A 1031 exchange essentially allows you to trade one investment property for another, while deferring capital gains on the initial property sale. The rules of the 1031 exchange are pretty simple— you simply have to use the proceeds from the initial sale to purchase a “like kind” property within 180 days.
“Like kind” sounds more restrictive than it actually is; you just have to be buying a similar income-producing property. So you can sell an apartment and buy a single-family home, or sell a single-family home and buy a commercial property. After the initial sale, you have 45 days to identify properties you could potentially buy, and then close within 180 days. But be careful— if you miss this deadline, even by just a day, you’ll be hit with the full capital gains tax bill.
The best part of the 1031 exchange? You can use it repeatedly, deferring capital gains each time. So an investor could potentially go from a rental apartment, to a single family home, to a full apartment building, and wouldn’t have to pay capital gains on any of those sales until they sold off the apartment building. It’s a great way to build up a real estate portfolio and reinvest your profits while avoiding the pain of paying capital gains.
Turn Your Rental Property Into a Primary Residence
If you want to sell your rental investment property, converting it into your primary residence for a couple years prior to selling can have huge tax benefits.
Living in a property you own for at least two of the previous five years qualifies it for the primary residence capital gains tax exemption— but it’s not a binary, either-or situation.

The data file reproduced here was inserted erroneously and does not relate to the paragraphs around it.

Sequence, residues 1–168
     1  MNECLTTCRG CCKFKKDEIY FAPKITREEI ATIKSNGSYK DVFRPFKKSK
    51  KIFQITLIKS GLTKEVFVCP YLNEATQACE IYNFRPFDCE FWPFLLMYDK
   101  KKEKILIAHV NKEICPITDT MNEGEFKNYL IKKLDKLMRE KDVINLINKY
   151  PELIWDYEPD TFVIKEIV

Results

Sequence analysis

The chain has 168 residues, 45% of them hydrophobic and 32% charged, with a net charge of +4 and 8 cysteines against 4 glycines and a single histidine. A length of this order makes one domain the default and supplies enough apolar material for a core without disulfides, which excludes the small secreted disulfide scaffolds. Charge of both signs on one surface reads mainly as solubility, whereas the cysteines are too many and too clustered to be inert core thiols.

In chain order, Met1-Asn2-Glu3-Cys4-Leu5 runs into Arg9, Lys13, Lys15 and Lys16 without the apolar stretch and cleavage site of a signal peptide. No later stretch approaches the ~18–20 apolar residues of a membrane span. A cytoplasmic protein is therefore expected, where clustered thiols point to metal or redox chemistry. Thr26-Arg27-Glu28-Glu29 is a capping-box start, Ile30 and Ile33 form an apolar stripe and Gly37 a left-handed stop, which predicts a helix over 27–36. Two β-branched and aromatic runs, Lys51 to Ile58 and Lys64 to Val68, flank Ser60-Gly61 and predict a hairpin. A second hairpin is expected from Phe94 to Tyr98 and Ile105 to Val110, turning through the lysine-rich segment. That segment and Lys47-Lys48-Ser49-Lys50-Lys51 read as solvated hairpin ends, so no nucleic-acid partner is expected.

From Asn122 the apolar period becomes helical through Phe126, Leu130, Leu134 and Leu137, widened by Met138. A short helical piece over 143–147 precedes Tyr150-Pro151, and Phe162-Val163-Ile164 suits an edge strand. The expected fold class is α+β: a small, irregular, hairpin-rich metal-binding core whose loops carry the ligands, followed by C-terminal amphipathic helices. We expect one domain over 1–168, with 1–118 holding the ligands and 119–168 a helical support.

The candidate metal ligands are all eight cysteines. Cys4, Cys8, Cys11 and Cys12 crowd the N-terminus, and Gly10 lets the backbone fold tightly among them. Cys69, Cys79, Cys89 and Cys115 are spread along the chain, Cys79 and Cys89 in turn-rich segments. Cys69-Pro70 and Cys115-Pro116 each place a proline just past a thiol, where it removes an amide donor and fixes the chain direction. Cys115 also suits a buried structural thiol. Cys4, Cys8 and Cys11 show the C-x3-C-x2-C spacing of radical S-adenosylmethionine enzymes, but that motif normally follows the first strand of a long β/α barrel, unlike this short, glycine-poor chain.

Let’s say you own a rental property, rent it for three years, and then live in it for two years before selling. Those two years of primary residency do not wipe out those three years of use as an investment property. They simply exclude two-fifths of your capital gains (for the two years, out of five, that you lived there); when you sell, you’ll have to pay capital gains on the remaining three-fifths of your profit.
Find a Top Agent With Investing Expertise
Calculating capital gains can be a dizzying experience, especially for novice investors. It helps immensely to have a dependable tax professional to help you, as well as a real estate agent who understands the tension between leveling up your investments, and keeping an eye on your capital gains situation.
Real Estate Witch has partnered with Clever Real Estate to help our readers connect with just this type of agent.
Clever partners investors with seasoned local real estate agents with proven track records— the type of agents who can advise you on every aspect of your investments, from procuring new investments, to timing the market on your sales, to the all-important question of how to manage your capital gains tax liability. Contact Clever today to get started on your real estate investment portfolio!